Regardless of the severity of the offence or potential sanction, a meeting to discuss the 'offence' must be conducted in accordance with the rules of natural justice. Hearings should be held at a mutually convenient time, in the employee's working hours and should ideally be conducted by an impartial 'adjudicator' listening to both sides of the argument, and to any witnesses, giving both parties every opportunity to ask questions of the other, and of any witnesses, and to make any points in support or rebuttal.

Once both parties have finished, the adjudicator will need to come to a decision. This does not necessarily need to be announced immediately - indeed, it may be preferable with complicated complaints to allow a time for reflection, and/or possible further independent investigation by the adjudicator. If the complaint is serious, it may be preferable to suspend the employee on full pay pending the decision, which, irrespective of the seriousness, should be made known as swiftly as possible.

Full notes of the hearing should be made by an independent person with transcripts made available to both employee and supervisor/manager, and an opportunity for anyone disagreeing with the transcript to challenge, and, with the agreement of the adjudicator and the other party, to correct the record. In the event of disagreement, the adjudicator will need to decide the correct content.

Increasingly, tape recording is being used as a means of recording the proceedings. Ideally, two tape recordings should be made with the employee offered a choice of the tapes at the conclusion. This should avoid any later claim of tampering with the record.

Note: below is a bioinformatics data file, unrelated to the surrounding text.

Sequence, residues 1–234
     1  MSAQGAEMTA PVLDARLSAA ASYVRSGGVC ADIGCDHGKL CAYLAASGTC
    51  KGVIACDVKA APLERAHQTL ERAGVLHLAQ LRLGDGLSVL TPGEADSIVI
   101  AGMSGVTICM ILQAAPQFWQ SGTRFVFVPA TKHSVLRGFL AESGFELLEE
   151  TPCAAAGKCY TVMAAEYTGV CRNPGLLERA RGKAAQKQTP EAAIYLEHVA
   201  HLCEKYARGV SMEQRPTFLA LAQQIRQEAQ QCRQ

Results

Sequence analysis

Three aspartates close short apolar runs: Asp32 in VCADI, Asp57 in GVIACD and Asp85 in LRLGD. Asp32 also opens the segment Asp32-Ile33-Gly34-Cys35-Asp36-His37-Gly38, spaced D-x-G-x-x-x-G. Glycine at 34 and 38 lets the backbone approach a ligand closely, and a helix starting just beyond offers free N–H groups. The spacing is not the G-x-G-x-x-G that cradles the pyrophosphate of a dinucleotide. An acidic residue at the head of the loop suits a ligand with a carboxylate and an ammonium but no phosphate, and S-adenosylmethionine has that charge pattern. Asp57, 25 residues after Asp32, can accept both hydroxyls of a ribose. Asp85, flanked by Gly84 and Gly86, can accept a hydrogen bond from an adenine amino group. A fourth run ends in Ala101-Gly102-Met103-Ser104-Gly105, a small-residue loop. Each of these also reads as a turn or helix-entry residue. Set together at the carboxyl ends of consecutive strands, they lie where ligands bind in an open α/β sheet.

Since the employee may not agree with the correctness of the hearing, or with its findings, either a specially designed APPEAL procedure or the GRIEVANCE procedure can be used. This should allow recourse to independent parties for a review of the facts.

Sanctions: Warnings and Penalties
Assuming the case was proved, the adjudicator needs not only to record this, but also to decide on and initiate, appropriate sanctions. This will normally take the form of a written warning, usually requiring the employee to desist from unacceptable behaviour, or to comply with rules and procedures previously transgressed. Most warnings will be of the 'don't do it again' type - but should the warning emanate from a hearing held as a result of a further complaint concerning behaviour, already the subject of a complaint and warning, a second warning may be required which may (depending on the internal rules and circumstances) be regarded as a final warning. Warnings may specify a requirement of action (or inaction) within a certain time - for example, a persistent latecomer (already in receipt of a first warning, which seems to have had no effect) might be given a final warning specifying that if he is late a further twice in the next month, he will be dismissed. Any penalties specified do, however, need to be commensurate with the offence.

Time Limits
Once time limits (usually six months) set out in the warning have expired, the employee can apply for the warning record - on that transgression - to be regarded as wiped 'clean'. Once a warning has expired either automatically or as a result of such an application, unless it is specified in the contract, it must be destroyed and cannot be used in any future disciplinary proceedings.